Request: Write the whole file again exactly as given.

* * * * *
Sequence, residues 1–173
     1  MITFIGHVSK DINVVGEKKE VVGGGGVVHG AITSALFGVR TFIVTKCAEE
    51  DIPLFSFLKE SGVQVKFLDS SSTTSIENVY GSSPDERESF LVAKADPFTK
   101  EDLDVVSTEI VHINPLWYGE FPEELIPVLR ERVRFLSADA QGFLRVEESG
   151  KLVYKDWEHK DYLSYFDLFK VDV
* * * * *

Sequence, residues 1–173
     1  MITFIGHVSK DINVVGEKKE VVGGGGVVHG AITSALFGVR TFIVTKCAEE
    51  DIPLFSFLKE SGVQVKFLDS SSTTSIENVY GSSPDERESF LVAKADPFTK
   101  EDLDVVSTEI VHINPLWYGE FPEELIPVLR ERVRFLSADA QGFLRVEESG
   151  KLVYKDWEHK DYLSYFDLFK VDV